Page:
SIMPLE AND MUTUALLY BENEFICIAL WAYS TO REDUCE LEGAL FEES IN COMMERCIAL LEASE TRANSACTIONS
BY GARY C. ANGIULI and STEFANIE DEMARIO-GERMERSHAUSEN
Whether or not you are a commercial landlord or a commercial tenant, the best lease you will ever execute is the one you never need to refer to again. When landlords and tenants have sufficient and meaningful upfront discussions in order to clearly delineate their rights and responsibilities and when those discussions are then translated into a well-drafted document the outcome for both parties is usually a much more positive long-term relationship. However, in the absence of these discussions and a corresponding document, both landlords and tenants are likely to find themselves treading a rocky road despite the best of intentions.
Surprisingly, this “well-drafted document” and the key to a better landlord/tenant relationship is not the commercial lease (although a well-drafted commercial lease is essential, of course). The key to a better relationship between the respective parties starts with a friendly but thorough discussion of the salient business terms, which are then memorialized in a non-binding document known as a Letter of Intent (LOI). An LOI is a simple but detailed non-binding letter between the parties that outlines the material terms, which will ultimately be written into the lease. This letter is drafted before the commercial lease, and it is often created with the assistance of a real estate broker. All too often landlords and tenants have polar opposite ideas as to the terms of the deal, so the LOI typically clarifies information like the legal name and address of both landlord and tenant, the proposed term of the lease, the monthly rent and annual increases, the legal use of the demised premises, the rights and responsibilities with regard to alterations to the demised premises, whether or not there are any extension periods, details about the security deposit, and any pertinent insurance requirements. Additional but equally important terms may include whether or not the lease is to be guaranteed by any individual or individuals, any penalties for the late payment of rent, responsibilities as to snow removal, maintenance of air conditioning and heat, parking limitations, roof maintenance, disposal of garbage, and the location of garbage compactors.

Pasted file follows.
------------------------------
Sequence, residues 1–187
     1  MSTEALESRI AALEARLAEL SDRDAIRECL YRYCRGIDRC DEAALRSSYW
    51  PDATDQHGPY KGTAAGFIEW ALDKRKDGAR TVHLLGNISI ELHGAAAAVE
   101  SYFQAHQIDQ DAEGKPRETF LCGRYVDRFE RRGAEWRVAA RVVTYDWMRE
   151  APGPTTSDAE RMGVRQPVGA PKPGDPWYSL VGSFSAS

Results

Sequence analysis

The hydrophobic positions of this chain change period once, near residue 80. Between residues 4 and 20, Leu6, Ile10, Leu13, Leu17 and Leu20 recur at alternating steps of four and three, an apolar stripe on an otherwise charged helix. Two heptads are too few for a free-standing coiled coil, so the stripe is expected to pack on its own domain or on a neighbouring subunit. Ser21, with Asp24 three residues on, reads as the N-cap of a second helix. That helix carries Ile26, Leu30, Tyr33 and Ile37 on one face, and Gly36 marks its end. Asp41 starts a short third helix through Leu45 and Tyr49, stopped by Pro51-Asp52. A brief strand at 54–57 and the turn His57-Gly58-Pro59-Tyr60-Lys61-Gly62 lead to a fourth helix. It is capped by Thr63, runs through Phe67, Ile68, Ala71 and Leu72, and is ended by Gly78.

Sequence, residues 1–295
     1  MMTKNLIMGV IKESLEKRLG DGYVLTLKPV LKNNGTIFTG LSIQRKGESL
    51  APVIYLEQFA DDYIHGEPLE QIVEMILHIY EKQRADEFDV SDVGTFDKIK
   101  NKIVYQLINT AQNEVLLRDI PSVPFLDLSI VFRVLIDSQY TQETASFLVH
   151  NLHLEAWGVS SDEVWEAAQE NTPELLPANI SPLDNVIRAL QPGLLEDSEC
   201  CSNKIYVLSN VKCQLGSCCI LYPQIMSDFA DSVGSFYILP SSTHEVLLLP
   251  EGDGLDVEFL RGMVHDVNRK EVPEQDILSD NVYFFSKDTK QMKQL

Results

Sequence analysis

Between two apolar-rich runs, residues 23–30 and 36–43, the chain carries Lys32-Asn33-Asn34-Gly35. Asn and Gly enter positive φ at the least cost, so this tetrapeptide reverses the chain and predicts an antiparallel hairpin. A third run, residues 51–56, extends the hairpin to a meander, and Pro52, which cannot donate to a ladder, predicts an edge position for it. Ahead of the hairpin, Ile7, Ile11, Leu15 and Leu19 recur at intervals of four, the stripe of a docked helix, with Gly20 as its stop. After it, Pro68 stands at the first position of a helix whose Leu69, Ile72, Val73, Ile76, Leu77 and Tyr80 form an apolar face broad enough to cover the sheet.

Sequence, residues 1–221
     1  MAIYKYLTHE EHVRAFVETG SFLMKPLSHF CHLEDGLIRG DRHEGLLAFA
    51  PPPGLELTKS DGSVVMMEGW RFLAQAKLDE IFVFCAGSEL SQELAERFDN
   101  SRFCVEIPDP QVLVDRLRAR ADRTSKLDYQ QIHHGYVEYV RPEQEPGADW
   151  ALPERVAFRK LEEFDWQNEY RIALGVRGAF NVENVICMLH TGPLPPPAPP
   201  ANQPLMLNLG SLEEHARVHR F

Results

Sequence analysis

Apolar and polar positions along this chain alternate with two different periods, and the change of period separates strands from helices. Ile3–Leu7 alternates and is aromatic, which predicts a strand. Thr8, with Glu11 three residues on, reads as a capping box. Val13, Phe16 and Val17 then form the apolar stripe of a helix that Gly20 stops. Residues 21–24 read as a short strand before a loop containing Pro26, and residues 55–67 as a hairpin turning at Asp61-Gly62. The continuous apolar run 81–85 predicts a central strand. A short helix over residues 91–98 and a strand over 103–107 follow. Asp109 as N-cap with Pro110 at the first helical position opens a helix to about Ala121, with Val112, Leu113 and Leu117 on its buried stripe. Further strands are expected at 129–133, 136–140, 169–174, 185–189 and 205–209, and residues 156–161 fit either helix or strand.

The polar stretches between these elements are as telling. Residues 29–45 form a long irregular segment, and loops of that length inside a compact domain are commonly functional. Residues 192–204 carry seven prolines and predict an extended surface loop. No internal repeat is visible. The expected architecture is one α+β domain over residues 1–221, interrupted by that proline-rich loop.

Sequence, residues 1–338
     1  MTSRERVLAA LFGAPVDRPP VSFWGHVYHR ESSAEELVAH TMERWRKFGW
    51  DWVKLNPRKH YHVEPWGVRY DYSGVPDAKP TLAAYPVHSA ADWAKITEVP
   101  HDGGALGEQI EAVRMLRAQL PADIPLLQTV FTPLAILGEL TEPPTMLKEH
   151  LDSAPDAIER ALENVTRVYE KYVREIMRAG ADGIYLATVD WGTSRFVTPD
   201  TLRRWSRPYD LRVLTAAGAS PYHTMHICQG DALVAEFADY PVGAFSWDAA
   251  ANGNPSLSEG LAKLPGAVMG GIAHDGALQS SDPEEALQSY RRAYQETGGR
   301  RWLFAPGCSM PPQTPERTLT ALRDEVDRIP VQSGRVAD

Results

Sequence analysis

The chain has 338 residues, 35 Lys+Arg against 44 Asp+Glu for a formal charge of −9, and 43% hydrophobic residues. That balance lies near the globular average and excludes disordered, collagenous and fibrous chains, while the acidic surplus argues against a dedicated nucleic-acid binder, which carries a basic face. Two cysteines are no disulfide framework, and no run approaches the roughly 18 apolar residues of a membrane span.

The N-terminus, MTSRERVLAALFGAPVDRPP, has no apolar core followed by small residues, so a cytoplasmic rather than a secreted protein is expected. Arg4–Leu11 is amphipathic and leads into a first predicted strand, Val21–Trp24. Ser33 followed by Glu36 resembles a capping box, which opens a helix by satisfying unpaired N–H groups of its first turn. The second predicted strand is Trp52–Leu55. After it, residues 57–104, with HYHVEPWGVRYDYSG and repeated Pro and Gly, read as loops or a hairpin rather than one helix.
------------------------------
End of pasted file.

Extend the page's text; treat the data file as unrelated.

The LOI should be provided to both the landlord’s and tenant’s respective attorneys prior to the negotiation and drafting of the lease. This will ensure that neither landlords nor tenants will find themselves in a protracted and unnecessarily expensive lease negotiation. Translation: a well-drafted LOI will reduce your legal fees and save you money! More importantly, it will facilitate a strong long-term relationship between the parties because the process of creating an LOI upfront allows the parties involved to get to know each other on a more personal basis.
Angiuli & Gentile, LLP, Attorneys at Law
1493 Hylan Boulevard / aglawnyc.com / 718.816.0005